The holidays are nearing and it seems that there is some hitchhiking in store for me. In memory of my past trips, I decided to work through my old travellers’ blogs, take the mistakes out, change the names where necessary and post them here piece by piece, on Wednesdays. I’m starting with the final trip I took so far, written just after I finished my studies. The series contains a storyline about love and friendship. It has six parts. This is part five.
August 19th, 2011
“Bonjour! Je suis Gilles l’auto-stoppeur! Auriez vous encore une place pour m’emmener a Toulouse?”
Looking at my outfit – long hair and colourfull pants – I reckon it would complete the picture if I call myself a hitchhiker. It could help people get a grip on me. I hand them a box to put me in. This way they don’t need to be intimidated by my appearance.
“Je vais a Beziers. Je peut t’emmener jusqu’a la bas”
The way we start off defines the spirit in the communication for the rest of our trip together. Joy.
Hitchhiking always reminds me of the seemingly hazardous ways of life. Ways of nature if you will. Every single event has a specific value which makes it wonderfully unique. Events melt together in an almost obvious natural flow through space and time. A balance between the own decisions and the movements of destiny. I’m like a butterfly pushing myself of against the untamable force of the wind. Reaching my chosen destinations only when she allows me to. Blown off to others when she doesn’t.
The themes of these days are deep friendship and starting and broken love. Most of my drivers have recently had important changes going about in their lives. My current driver receives a hands free call from a friend he’s known for many years. It’s an expression of joyful madness. My next driver will receive a message of a good friend he hasn’t spoken for a while at the instant I get in the car. Curious little reminders of the precious bits of life. They make up for the hours in which you just stand there.
We are driving through Lourdes when I receive a message from K. She’s one of my housemates of the past months, and I have fallen terribly in love with her. They have just descended the mountains and are headed down to sea. She’s sorry that we couldn’t meet up. But they’ll be where I am in half an hour. I wait for them in the fountain in the middle of a roundabout. My heart feels like a thunderstorm.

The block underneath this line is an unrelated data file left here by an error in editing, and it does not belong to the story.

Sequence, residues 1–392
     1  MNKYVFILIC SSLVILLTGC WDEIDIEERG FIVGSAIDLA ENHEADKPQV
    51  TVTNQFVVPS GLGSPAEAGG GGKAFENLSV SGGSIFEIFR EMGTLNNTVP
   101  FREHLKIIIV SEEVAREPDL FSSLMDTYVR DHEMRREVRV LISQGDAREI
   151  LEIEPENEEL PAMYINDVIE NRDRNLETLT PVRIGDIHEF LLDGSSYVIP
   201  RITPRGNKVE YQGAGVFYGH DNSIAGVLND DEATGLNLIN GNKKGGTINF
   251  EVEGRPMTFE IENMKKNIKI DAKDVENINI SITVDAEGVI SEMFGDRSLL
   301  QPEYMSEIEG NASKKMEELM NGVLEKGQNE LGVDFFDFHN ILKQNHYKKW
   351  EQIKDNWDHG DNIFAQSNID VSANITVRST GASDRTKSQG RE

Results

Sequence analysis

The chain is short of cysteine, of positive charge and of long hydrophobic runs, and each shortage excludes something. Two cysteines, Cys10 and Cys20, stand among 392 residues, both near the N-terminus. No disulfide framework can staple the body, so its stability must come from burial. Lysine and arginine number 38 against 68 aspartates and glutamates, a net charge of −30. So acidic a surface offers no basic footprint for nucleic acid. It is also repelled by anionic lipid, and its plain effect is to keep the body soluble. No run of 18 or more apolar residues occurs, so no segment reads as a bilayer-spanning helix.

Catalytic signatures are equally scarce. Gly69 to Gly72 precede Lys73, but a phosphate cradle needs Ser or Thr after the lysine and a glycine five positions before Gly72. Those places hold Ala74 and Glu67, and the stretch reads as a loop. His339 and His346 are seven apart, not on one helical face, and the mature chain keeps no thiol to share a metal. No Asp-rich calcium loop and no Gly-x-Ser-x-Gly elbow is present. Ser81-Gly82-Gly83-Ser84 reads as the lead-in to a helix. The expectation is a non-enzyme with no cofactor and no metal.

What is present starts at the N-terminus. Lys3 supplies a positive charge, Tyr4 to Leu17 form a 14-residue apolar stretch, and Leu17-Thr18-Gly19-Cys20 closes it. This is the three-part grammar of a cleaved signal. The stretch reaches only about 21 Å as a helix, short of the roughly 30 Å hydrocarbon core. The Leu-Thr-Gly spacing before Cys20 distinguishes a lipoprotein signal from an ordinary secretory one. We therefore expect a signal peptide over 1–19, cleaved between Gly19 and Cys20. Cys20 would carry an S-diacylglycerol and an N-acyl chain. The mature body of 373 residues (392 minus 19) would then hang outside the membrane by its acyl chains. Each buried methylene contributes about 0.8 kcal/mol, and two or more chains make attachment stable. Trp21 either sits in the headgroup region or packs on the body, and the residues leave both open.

The Czech car gives a different kind of honk than all others. In it sit E., the other old housemate, her boyfriend, K.’s sister, and herself, the most beautiful girl in the whole wide world. Fitting me is a challenge, but it works. I’m in. They have adjusted their destination to a small stream in the hills close by. We bathe, make a campfire and eat our food. Lentils. We play, we sing and we go to sleep. A hug.
The weather in the mountains is not so good next day. What better excuse to join these lovely people to the coast in their overfull car? We go to Carcassonne. I was here years ago, but this time I carry a drum instead of luggage. Instead of alone I am with the best company I could have wished for. More aware of places too. But I can’t tell how K. feels about me. Am I too pushy? I definitely don’t want to be too pushy. Just focus on the drumming. I feel like a cat held by its tail, yet at the same time I am the one holding the tail in an attempt to comfort the cat saying “it’s ok”. That never worked with a cat, but now I do manage to be around K. without running away while peeing in my pants. Back in the car, I write with my booklet on the drum. I have just invented that and it works perfectly. Two of my passions unite. Nothing unusual, but I feel like everything I do is inspired by her and done to impress her. As if her presence pushes me to be who I am just a little bit more. Is it her attention that I feel? Sometimes, definitely. But usually I’m not sure. Is that when it’s not?
At night, when we are finally alone again, we kiss under the eyes of a million stars. Perhaps it takes deep personal freedom to be able to believe in true romantic love. Or perhaps it’s the meeting with a great person. Grateful for the day I go back to my tent. Yet something in her hesitation did not fit.